37. The Bayonet

As you may recall, I strongly hinted in a previous post that I would be writing about the use of bayonets in the Revolution. So let’s get right to the point (in a manner of speaking).

What Was It?

The socket bayonet was invented in the late seventeenth century by the noted French military engineer, Sébastien Le Prestre, Marquis de Vauban (1633-1707), who was engaged in the service of Louis XIV for more than fifty years and in the process revolutionized the art of siege warfare and defensive fortifications. Vauban’s pointed triangular blade came with a flat side facing the muzzle of a musket and two outer fluted sides that were about fifteen inches long. It attached to the muzzle by a collar that slipped around the barrel.

How Was It Used?

Notwithstanding its limited firing range, British troops relied on the same Brown Bess musket that was carried by American soldiers in units that were not rifle companies, because (unlike the long rifle) it facilitated the redcoats’ use of their favorite tactic—the bayonet charge. The sight of cold steel could have a fearsome effect on an enemy soldier, no matter how experienced he might be, and often struck terror in the hearts of inexperienced citizen-soldiers among the Continental Army’s rank-and-file. The latter were all-too aware of the lethal repercussions from a well-aimed bayonet thrust. With the full force of a lunging soldier’s body behind it, the blade could lacerate tissue, arteries, and bones in a most injurious and painful manner. The swiftness, energy, and furor of a redcoat bayonet assault was often enough by itself to unnerve all but the best American units. (The British military worked hard to educate its soldiery in the advantages of bayonet usage in order to overcome one’s natural reluctance to slay an opponent up-close rather than at a distance where killing is more impersonal.)

The bayonet’s salient role in British infantry tactics—having primacy over firepower—was predicated on the belief that well-disciplined soldiers could outrun the range of a musket during the time required for their adversary to reload. British musket fire on Revolutionary War battlefields most commonly took the form of general volleys followed immediately by a bayonet charge. His Majesty’s troops typically sought to close with the Americans as rapidly as possible, absorbing casualties until they could launch their dreaded charge. Bayonets probably accounted for most of the combat deaths among Patriot soldiers during the conflict. Because musket fire was largely inaccurate and inflicted relatively few casualties, even when used against dense formations of troops advancing at a deliberate pace, the bayonet charge made good tactical sense in open-field combat against an opponent who was not well-entrenched. Typically the British advance over an open field would accelerate from a trot or jog into a run, and the onrushing redcoats would cheer repeatedly and menacingly to intimidate a wavering enemy. For most of the war, they made their attacks in this manner.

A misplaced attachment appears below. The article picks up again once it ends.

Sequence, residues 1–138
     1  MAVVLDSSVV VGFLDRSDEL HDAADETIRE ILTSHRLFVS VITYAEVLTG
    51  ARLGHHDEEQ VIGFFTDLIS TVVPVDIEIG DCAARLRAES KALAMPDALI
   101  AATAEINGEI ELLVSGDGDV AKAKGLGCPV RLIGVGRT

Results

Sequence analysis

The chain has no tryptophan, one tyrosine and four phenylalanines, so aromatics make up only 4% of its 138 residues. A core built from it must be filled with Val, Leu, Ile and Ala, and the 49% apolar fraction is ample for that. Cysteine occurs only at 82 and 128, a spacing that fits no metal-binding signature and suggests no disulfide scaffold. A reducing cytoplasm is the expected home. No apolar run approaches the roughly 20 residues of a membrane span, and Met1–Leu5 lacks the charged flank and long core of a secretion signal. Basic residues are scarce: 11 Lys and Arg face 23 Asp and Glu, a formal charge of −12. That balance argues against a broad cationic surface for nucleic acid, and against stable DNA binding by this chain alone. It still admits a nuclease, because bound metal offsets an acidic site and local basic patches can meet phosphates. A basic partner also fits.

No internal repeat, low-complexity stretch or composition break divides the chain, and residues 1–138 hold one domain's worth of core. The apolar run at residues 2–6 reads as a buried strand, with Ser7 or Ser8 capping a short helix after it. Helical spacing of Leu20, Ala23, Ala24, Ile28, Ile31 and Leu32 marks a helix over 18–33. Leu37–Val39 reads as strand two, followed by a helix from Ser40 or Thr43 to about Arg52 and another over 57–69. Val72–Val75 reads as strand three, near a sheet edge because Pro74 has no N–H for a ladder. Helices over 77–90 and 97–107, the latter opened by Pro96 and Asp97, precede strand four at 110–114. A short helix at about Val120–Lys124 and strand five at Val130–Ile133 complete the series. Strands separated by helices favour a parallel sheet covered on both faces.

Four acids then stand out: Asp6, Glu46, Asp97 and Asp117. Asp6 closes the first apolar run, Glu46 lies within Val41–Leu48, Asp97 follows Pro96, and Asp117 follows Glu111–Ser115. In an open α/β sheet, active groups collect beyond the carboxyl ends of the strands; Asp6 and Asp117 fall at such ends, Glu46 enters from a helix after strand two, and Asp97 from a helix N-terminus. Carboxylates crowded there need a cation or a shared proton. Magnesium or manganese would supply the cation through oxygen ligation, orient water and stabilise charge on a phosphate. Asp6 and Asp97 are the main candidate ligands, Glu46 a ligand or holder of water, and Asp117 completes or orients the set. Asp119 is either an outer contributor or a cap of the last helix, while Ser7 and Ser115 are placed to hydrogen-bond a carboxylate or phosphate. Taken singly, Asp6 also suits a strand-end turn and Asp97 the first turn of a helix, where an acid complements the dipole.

Night attacks were particularly well-suited to the use of bayonets, as they entailed stealthy maneuvers designed to maintain silence and the element of surprise—difficult to do if one were relying on the use of firearms. In addition, deploying bayonets rather than shooting at the enemy reduced the risk of so-called friendly fire where one encountered poor visibility or lacked situational awareness on the battlefield. (I’m still not sure what’s friendly about “friendly fire” – would prefer the term “misdirected fire.”)

Over time, the Continental Army became more proficient in the use of bayonets and better equipped so that enough of its soldiers had them to be a factor in combat. However, I think it’s fair to say that the story of this weapon in the war for independence was written largely by the British infantryman. (It was, you might say, thrust into prominence by the latter.)